HOW LEASING JEANS MIGHT BE AN ANSWER TO OUR OVERCONSUMPTION PROBLEMS
In a world where consumption exists by design and thousands of chemicals get dumped down the river to create colorful garments for the lucrative textile industry, leasing an undyed pair of jeans might be a step in the right direction.
“Make, use, dispose of” sums up the linear fashion model still followed by many. Although the UK seems to be the winner in clothes consumption in Europe, the problem of fashion waste is worldwide, causing pollution and posing unprecedented health risks to us and all living organisms.
We often go unaware of what every single purchase we make cost the environment. It is not that we are not willing to do right by Earth, but there is not enough information, and companies are often not liable for their waste.
If you were aware and informed how the textile dyes and waste compromise clean water, impair photosynthesis and inhibit plant growth, you might think twice about buying your new cool yellow sweater or deep blue jeans. But how many of us are aware of these matters?
It seems that Bert van Son, the founder of the innovative Dutch Mud Jeans company, was aware of at least the waste management part already back in 2013.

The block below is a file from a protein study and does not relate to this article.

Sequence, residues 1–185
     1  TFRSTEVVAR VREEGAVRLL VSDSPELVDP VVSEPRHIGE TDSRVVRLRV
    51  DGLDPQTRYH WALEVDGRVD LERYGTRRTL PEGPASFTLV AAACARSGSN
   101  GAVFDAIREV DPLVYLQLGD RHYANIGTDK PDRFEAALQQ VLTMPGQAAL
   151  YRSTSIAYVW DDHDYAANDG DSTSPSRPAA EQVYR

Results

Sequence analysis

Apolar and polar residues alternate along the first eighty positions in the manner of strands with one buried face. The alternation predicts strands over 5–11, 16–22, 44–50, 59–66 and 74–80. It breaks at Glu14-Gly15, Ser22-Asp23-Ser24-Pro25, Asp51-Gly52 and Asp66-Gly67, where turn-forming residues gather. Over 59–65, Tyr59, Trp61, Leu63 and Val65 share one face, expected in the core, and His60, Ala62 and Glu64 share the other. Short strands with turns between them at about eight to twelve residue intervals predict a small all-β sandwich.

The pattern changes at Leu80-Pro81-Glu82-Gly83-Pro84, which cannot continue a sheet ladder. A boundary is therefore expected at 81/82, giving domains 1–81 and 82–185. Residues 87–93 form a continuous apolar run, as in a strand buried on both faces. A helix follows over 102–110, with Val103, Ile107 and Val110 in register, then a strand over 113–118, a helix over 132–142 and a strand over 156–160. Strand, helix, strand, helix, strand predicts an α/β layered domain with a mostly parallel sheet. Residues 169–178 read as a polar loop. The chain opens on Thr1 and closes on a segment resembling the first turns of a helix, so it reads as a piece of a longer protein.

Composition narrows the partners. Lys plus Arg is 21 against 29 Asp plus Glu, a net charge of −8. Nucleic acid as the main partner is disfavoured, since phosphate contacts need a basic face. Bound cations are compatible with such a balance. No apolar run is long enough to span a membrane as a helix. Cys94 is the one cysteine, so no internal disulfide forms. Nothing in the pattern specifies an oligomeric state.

Lease your jeans & prevent waste
Bert van Son came up with a simple solution to the problem. You can buy or lease your jeans and return them to be upcycled and worn again.
How exactly does it work? The principle is relatively simple; you pay a monthly fee for your new pair of jeans. For a monthly payment of €9,95, you can lease your Mud Jeans, and 12 months later, you can either keep them or switch them for new ones.
Of course, after a year, they are still perfectly fine jeans, so as shared with us by one of the ten team members, Nina, most people keep them much longer.
The Mud Jeans difference
Mud Jeans managed to turn 20,000 jeans into new denim. They use it to make new jeans following the formula of 40:60, 40% post-consumer recycled cotton to 60% virgin organic cotton.
They also give preference to mineral dyes.
In his book Let my people go surfing, the famed founder of Patagonia, Yvon Chouinard, writes:
“It doesn’t make sense to go to the effort of using organically grown cotton and responsibly farmed and processed wool and then dye the fibers with toxic dyes.”
The team at Mud Jeans gives preference to mineral dyes or undyed jeans that are our absolute favorite. They also use innovative techniques that are less harmful to the environment. In collaboration with Yousstex International (Tunisia), they employ the ozone technique to soften their jeans. The jeans are soaked in a small amount of water, put under pressure with the use of ozone contained within, which has a bleaching and softening effect.
The company offers transparency and innovation towards a more sustainable and less wasteful future that allows us to shop responsibly and enjoy the world’s favorite trousers in a brand new way.